The price trend for fish feed made with marine ingredients should decrease in the long-term due to the bearish outlook on raw materials, said Helene Ziv, risk management and sourcing (RMS) director at feed producer Cargill Aqua Nutrition, Switzerland.
Rabobank’s associate director animal protein Gorjan Nikolik, on the other hand, forecasted a rise in fish feed prices in the long-term, driven by growing demand from the aquaculture industry at North Atlantic Seafood Forum in Bergen.
Ziv forecasted that marine ingredients prices for fish feed, including fishmeal and fish oil, would be neutral in the short-term and bearish in the long-term. On the contrary, she forecasted an increase in plant oils prices, driven by tight rapeseed supplies in EU and China being almost done auctioning canola reserves, among other factors. The US biofuel policy remains an uncertain factor for those prices, Ziv also noted.
She pointed to a number of bearish drivers for fish feed prices, including expectations for upcoming fishing seasons, excess fish oil stocks in Peru, higher quotas in the EU (including for sand eel), and new ingredient replacements on the horizon.
Ziv also noted that low fishoil stocks in China, increasing focus on sustainable sourcing and a steady global growth in fishmeal demand were support factors for marine feed prices, but added that not all the arrows could point in the same direction.
Rabobank’s associated director drafted a different conclusion, Nikolik pointed to an overall intensification of aquaculture production for nearly all farming systems. Shrimp farming, for example, is one of the industries switching to a higher level of farming intensity.
More intense and modern aquaculture will increase the need for more formulated feed and consequently more fishmeal in most cases, he said. Despite the short-term recovery expectations, there has been a long-term decline in supply.
Nikolik agreed that long-term decline in fishmeal production should halt in 2017. He said that a better performance of the Peruvian anchovy fishery this year is likely to create a recovery of fishmeal global supply, although it would not return to historical levels, but would be higher than in the last few years.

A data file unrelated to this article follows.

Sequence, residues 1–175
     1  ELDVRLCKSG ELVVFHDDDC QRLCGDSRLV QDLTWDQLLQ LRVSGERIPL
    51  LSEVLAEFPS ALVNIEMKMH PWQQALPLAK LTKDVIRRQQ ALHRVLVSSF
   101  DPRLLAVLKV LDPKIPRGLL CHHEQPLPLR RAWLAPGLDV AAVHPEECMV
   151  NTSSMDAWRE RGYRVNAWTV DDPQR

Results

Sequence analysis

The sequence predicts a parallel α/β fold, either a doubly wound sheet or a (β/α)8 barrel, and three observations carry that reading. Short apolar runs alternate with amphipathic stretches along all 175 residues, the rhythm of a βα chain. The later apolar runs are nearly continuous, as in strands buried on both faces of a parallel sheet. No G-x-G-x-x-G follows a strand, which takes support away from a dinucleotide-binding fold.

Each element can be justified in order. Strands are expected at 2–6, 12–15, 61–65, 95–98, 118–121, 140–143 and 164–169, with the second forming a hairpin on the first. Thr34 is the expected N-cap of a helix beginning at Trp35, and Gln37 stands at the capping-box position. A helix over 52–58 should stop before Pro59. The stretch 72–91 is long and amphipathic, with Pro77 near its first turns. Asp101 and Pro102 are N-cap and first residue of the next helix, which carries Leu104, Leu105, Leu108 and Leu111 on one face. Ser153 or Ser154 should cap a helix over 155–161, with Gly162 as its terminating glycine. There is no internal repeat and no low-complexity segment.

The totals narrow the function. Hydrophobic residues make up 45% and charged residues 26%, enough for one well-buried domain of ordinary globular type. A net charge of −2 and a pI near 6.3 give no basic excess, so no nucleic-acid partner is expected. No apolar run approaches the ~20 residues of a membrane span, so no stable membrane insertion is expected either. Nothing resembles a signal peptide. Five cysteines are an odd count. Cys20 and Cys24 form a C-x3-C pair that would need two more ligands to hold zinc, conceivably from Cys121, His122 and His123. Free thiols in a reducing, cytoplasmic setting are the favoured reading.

“New volumes coming from Peru, following the end of El Nino, and higher volumes coming from Europe have been priced in during recent months,” Nikolik told Undercurrent News..
Despite a decline in fishmeal production over recent years, alternative ingredients for aquatic feeds had emerged. Future alternative feed ingredients could include krill, marine worms, algae, yeast-based ingredients, insect-based feeds, GM canola, among others, according to Rabobank’s analysis.
Nikolik said that combining the effect of the recovery from El Nino and alternative proteins, an additional 1 million tons of quality feed protein in the next five-six years is possible. Of these additional tons, 500,000t might come from additional fishmeal supply.
Nikolik said that fishmeal prices are therefore expected to enter a prolonged but temporary soft period, if indeed supply improves as expected.
But he noted that in the long-term he expected price support for fishmeal, driven by aquaculture growth and intensification, rise of new farmed species, protein demand from human and pet food markets and further long-term supply contraction of fishmeal.
The additional supply might not create a sharp drop in fishmeal prices in the next five-ten years, because demand will increase, Nikolik told Undercurrent.
But if supply from alternative sources and fishmeal substantially exceeds 1 million tons in the next five-six years, then prices could be pressured, Nikolik added, pointing out that he would not exclude Cargill´s scenario, which gave higher importance to an increase in feed supply from alternative sources.